Frédéric Flamand, for his part, is influenced by theatre but also by visual arts. Constantly pursuing creations where his dancers would merge with video and multimedia tools, he is known for his spectacular productions. With his trilogy on cities, he sets out to understand how architecture and urban patterns influence our behaviour and weigh on our motivity, a reflection that is once again developed in La Cité Radieuse (The Radiant City) that he created and produced in Marseille.
Ashes - Koen Augustijnen
As regards Flemish choreographers, on the contrary, we talked about a “shock style”. In Ashes (2010), Koen Augustijnen created coexistence between the acoustic convolutions of a soprano and of a countertenor, who develop a dialogue through several love duets, and incorporated a terrestrial and acrobatic dance. Priority was no longer given to the elegance or gracefulness of a movement but to highlighting vibrancy, impulse and the animality of the bodies. Horizontality, speed, flying and risk were the new parameters of their dance.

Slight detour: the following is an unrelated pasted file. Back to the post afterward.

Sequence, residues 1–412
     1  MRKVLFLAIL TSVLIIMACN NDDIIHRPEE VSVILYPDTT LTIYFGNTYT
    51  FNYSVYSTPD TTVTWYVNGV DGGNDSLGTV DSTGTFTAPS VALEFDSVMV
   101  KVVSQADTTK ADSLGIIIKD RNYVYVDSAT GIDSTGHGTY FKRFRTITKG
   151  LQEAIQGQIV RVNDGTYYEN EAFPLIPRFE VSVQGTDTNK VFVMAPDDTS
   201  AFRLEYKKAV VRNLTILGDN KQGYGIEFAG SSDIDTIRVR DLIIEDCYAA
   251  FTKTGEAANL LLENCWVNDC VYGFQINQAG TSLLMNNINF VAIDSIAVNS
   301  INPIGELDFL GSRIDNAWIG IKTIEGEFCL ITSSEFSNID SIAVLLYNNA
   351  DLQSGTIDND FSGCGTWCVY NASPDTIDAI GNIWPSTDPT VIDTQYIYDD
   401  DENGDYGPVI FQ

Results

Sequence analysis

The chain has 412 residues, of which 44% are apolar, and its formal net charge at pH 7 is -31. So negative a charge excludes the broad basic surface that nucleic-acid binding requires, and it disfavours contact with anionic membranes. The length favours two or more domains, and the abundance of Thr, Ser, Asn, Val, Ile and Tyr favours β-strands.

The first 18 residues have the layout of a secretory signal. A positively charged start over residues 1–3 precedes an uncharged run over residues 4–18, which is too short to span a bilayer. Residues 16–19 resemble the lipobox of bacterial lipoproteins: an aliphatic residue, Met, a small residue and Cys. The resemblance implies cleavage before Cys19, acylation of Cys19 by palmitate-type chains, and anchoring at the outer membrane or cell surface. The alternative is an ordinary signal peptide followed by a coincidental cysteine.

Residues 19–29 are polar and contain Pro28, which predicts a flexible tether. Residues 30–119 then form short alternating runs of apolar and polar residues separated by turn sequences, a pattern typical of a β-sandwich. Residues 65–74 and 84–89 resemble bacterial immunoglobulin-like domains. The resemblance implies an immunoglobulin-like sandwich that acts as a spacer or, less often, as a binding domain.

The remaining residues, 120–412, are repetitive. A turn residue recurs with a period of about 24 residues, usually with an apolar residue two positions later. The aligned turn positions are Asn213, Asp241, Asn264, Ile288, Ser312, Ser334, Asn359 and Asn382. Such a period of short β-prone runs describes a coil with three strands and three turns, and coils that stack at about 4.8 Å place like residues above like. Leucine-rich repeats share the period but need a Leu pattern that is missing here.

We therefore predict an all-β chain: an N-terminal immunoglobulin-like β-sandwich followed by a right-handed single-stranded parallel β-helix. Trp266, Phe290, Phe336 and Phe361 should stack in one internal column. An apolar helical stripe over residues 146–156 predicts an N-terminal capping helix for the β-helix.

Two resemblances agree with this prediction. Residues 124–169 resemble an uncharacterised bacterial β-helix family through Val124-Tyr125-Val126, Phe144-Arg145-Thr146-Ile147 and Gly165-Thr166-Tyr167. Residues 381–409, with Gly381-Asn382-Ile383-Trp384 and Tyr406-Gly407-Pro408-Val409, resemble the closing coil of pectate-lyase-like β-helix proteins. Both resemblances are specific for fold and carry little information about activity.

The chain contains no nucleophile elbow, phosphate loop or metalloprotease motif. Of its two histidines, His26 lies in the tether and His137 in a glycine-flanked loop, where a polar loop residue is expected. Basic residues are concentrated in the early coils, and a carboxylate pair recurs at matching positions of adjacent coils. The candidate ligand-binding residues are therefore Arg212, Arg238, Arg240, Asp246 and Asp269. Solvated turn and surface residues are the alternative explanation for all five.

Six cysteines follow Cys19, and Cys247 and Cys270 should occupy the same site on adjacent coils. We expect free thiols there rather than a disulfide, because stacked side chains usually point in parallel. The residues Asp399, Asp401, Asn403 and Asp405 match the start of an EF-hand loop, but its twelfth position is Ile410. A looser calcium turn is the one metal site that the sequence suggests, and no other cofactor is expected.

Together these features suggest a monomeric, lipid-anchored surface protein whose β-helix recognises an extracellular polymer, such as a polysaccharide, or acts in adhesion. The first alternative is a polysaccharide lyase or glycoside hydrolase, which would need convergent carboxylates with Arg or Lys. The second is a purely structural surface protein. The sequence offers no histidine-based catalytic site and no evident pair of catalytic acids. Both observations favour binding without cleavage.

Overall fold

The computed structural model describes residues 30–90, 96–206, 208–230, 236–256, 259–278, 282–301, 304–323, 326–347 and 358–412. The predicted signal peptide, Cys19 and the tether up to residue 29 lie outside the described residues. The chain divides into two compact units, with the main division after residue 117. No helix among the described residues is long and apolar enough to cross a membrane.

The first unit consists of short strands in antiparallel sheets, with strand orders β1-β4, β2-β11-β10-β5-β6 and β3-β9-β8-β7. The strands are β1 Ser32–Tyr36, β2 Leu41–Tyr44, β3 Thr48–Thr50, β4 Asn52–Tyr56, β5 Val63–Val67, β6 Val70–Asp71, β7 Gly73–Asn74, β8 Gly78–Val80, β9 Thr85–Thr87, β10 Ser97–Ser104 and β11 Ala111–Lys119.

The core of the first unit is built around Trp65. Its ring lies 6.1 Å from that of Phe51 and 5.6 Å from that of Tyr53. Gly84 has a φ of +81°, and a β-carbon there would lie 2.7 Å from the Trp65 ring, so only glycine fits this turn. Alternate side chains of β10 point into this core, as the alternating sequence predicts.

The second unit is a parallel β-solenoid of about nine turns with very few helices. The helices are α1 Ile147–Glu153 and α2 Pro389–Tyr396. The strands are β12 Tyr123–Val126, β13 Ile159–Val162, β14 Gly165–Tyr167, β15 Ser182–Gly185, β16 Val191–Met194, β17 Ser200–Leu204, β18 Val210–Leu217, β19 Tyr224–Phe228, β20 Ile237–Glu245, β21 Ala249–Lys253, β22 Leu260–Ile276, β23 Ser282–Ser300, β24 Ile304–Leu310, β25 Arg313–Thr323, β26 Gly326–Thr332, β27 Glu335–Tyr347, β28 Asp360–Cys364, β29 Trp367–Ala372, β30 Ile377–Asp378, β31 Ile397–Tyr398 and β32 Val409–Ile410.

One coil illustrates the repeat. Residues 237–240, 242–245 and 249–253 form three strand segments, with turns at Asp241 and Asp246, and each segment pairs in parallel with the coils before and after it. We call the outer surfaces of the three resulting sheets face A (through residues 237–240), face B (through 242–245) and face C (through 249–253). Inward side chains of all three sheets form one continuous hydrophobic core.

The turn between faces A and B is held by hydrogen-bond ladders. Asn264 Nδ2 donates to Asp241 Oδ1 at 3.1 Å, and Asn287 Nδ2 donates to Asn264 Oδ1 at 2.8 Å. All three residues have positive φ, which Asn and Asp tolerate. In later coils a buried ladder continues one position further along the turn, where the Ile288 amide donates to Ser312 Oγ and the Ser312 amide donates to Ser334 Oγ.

Pitié - Alain Platel
Alain Platel illustrates this trend, which is occasionally akin to theatre in for example Pitié, where actors, dancers, musicians and visual artists mix together on stage. Together – by exploring the tale, the identity games and through the accumulations of scenic materials, they strive to express a reality that is both raw and poetic at the same time, and which offers even more polysemic possibilities for performing their shows.
Fase etRosas danst Rosas – Anne Teresa de Keersmaeker
Anne Teresa De Keersmaeker‘s artistic choices cannot be resumed as merely those of a “musician” choreographer for whom music plays a fundamental and organizational role in her work, as can be seen in Fase (1982) and in Rosas danst Rosas (1983). Because we should not forget that she has never stopped – from her very first works – querying literature, opera, the theatre, and also the cinema. She turns her work into a real puzzle that perpetually queries the frontiers between the arts.
Quando l’uomo principale è una donna – Jan Fabre